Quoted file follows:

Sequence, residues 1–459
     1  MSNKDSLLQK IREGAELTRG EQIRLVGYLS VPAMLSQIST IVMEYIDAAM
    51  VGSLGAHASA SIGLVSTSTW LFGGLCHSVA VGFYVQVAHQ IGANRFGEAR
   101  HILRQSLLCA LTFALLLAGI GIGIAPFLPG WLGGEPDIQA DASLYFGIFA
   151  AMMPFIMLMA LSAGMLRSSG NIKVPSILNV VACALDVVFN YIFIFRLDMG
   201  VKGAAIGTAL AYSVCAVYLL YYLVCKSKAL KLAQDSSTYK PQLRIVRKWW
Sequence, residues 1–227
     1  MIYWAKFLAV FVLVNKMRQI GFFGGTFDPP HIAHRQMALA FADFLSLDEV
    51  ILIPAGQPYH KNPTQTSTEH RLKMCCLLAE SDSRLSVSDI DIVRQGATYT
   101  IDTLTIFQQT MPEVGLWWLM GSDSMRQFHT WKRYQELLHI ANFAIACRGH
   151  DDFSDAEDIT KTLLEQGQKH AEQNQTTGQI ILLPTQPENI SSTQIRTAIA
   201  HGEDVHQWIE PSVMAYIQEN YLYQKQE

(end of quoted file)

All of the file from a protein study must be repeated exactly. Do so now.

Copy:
Sequence, residues 1–459
     1  MSNKDSLLQK IREGAELTRG EQIRLVGYLS VPAMLSQIST IVMEYIDAAM
    51  VGSLGAHASA SIGLVSTSTW LFGGLCHSVA VGFYVQVAHQ IGANRFGEAR
   101  HILRQSLLCA LTFALLLAGI GIGIAPFLPG WLGGEPDIQA DASLYFGIFA
   151  AMMPFIMLMA LSAGMLRSSG NIKVPSILNV VACALDVVFN YIFIFRLDMG
   201  VKGAAIGTAL AYSVCAVYLL YYLVCKSKAL KLAQDSSTYK PQLRIVRKWW
Sequence, residues 1–227
     1  MIYWAKFLAV FVLVNKMRQI GFFGGTFDPP HIAHRQMALA FADFLSLDEV
    51  ILIPAGQPYH KNPTQTSTEH RLKMCCLLAE SDSRLSVSDI DIVRQGATYT
   101  IDTLTIFQQT MPEVGLWWLM GSDSMRQFHT WKRYQELLHI ANFAIACRGH
   151  DDFSDAEDIT KTLLEQGQKH AEQNQTTGQI ILLPTQPENI SSTQIRTAIA
   201  HGEDVHQWIE PSVMAYIQEN YLYQKQE